Equal-Area Spherical Maps for Compute Graphics
Spherical map is the foundation for many applications in computer graphics, such as environment mapping, precomputed radiance transfer, radiosity and image-based rendering. For these applications that involve intensive computation on spherical domain, it is generally desirable to employ equal-area and uniform spherical maps as the underlying parameterization. However, equal-area spherical maps are less exploited in graphics.
In this dissertation, we first introduce an equal-area spherical map, HEALPix, which is borrowed from astrophysics. Its associated sample pattern is uniformly distributed over the sphere surface. Then we discuss its application in environment mapping. Although the HEALPix representation is more balanced than the traditional cubemap, it cannot utilize the built-in hardware operations like cubemap, and the mipmapping construction is more complicated. Therefore, its rendering speed is not comparable to that of the cubemap. This motivates us to invent a new six-face spherical map, called isocube. Unlike cubemap, isocube is an equal-area mapping, i.e., each texel spans the same area and is equally important. Due to the six-face representation, isocube can fit nicely into the cubemap hardware and hence can fully exploit the hardware operations tailored for cubemap. In addition, its mapping computation only involves a small overhead. Therefore the look-up speed for isocube is very fast.
Next we discuss another application of HEALPix map, the dynamic environment sequence sampling. Previous work only considers the static case where the environment map is approximated by finite directional light sources. In the dynamic case, the individual regeneration of samples for each frame may introduce abrupt changes in the rendering animation. To handle this temporal inconsistency problem, we propose spherical q$^2$-tree based on HEALPix map. The adaptiveness of the quadtree can suppress the abrupt changes between consecutive frames, and hence a rather smooth rendering can be produced. This method, however, generates sample pattern independently for each environment frame, and therefore it may still cause unexpected jumps in some situations. To fully utilize the temporal coherence in the sequence, we present a global sampling approach which treats the dynamic environment sequence as a 3D volume and performs sampling in the volume. The volumetric sampling adapts the sample number according to each frame and restricts the temporal/spatial changes within small subdivided volumes, and hence ensures a smooth sampling sequence. Within the framework, we present a volumetric importance metric and develop a binary-quad tree to perform stratification. Experimental results show that our volumetric sampling method can generate light samples with a better temporal consistency.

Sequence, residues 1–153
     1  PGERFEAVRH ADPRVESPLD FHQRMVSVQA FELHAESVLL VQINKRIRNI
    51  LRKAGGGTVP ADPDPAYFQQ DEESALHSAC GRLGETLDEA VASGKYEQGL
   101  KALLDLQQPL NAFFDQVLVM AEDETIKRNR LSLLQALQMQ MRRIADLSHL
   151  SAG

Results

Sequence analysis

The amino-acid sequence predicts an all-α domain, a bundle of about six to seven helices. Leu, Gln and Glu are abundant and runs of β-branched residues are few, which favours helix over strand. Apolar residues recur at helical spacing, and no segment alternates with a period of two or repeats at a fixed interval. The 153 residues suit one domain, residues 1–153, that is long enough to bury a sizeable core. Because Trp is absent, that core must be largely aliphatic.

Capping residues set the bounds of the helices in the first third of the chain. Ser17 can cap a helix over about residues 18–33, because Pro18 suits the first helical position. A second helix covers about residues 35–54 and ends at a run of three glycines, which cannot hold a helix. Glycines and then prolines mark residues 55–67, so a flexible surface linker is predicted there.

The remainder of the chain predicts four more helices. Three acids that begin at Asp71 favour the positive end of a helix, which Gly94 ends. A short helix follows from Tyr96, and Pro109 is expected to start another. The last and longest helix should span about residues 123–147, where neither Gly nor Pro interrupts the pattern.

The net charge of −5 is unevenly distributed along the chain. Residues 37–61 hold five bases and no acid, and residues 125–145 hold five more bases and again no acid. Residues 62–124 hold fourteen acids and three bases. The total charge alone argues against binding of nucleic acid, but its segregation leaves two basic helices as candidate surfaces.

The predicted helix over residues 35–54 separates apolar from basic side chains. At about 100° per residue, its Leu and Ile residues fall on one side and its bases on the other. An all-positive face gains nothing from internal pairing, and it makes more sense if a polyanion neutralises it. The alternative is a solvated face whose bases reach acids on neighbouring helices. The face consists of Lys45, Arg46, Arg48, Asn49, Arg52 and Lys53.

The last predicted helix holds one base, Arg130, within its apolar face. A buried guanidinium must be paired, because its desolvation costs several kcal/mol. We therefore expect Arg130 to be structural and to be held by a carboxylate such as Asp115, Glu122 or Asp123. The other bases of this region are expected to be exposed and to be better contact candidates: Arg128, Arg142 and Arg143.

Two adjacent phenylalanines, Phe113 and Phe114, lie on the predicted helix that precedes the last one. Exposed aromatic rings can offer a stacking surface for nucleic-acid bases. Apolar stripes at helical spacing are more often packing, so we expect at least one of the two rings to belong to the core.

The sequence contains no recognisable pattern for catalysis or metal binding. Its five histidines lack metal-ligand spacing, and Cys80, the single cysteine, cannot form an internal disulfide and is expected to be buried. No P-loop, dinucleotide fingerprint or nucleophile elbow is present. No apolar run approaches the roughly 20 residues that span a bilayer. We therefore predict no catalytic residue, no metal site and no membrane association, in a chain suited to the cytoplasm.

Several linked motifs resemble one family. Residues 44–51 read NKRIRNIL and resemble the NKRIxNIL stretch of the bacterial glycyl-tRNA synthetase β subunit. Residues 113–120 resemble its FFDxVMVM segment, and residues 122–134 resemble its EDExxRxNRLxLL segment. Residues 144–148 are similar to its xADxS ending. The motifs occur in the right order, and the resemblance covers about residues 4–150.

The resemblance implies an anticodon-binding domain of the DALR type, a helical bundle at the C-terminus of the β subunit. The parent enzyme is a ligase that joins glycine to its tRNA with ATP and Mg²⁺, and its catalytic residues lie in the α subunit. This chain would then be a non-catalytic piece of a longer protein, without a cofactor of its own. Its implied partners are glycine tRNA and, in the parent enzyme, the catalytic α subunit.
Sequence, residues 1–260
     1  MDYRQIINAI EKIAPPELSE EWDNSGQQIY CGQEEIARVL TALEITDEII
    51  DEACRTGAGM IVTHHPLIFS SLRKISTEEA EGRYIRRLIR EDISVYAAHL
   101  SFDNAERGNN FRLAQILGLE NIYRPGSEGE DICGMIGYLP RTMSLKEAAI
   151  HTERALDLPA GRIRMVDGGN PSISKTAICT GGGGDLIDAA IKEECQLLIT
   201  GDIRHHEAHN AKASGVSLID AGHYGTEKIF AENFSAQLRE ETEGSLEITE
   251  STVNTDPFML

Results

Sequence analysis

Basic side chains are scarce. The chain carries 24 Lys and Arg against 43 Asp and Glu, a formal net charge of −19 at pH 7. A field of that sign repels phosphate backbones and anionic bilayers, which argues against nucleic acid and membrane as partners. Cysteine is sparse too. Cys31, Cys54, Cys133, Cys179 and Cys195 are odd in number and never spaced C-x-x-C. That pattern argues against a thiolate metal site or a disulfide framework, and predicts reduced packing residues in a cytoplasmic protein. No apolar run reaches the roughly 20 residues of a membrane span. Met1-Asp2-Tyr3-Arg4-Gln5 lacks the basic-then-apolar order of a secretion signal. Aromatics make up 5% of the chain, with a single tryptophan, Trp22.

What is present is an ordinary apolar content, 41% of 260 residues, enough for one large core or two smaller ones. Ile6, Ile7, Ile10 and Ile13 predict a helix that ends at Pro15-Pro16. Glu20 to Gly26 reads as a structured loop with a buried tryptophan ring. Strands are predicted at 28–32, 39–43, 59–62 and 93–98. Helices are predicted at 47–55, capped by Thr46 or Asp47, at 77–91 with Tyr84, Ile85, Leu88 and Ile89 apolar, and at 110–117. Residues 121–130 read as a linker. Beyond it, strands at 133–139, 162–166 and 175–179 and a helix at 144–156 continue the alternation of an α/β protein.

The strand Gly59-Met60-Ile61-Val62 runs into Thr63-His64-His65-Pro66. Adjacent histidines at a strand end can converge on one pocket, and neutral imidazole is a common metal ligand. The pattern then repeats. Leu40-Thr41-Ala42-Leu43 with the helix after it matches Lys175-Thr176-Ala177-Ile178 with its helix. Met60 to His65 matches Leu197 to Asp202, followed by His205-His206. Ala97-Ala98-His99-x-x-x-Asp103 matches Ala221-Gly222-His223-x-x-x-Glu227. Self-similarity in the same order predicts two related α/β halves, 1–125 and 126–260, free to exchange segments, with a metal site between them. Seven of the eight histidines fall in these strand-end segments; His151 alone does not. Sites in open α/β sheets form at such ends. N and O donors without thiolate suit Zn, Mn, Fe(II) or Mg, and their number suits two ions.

- "Isocube: Exploiting the Cubemap Hardware",
L. Wan, T. T. Wong and C. S. Leung,
IEEE Transactions on Visualization and Computer Graphics, Vol. 13, No. 4, July/August 2007, pp. 720-731.
- " Sphere Maps with the Near-Equal Solid-Angle Property",
L. Wan and T. T. Wong,
in Game Developers Conference 2007 (GDC2007), San Francisco, California, USA, March 2007.
- "Real-Time Environment Mapping with Equal Solid-Angle Spherical Quad-Map",
T. T. Wong, L. Wan, C. S. Leung and P. M. Lam,
Shader X4: Advanced Rendering Techniques, Edited by W. Engel, Charles River Media, 2006, pp. 221-233.
- " Spherical Q2-tree for Sampling Dynamic Environment Sequences",
L. Wan, T. T. Wong and C. S. Leung,
in Proceedings of Eurographics Symposium on Rendering 2005 (EGSR 2005), Konstanz, Germany, June 2005, pp. 21-30.
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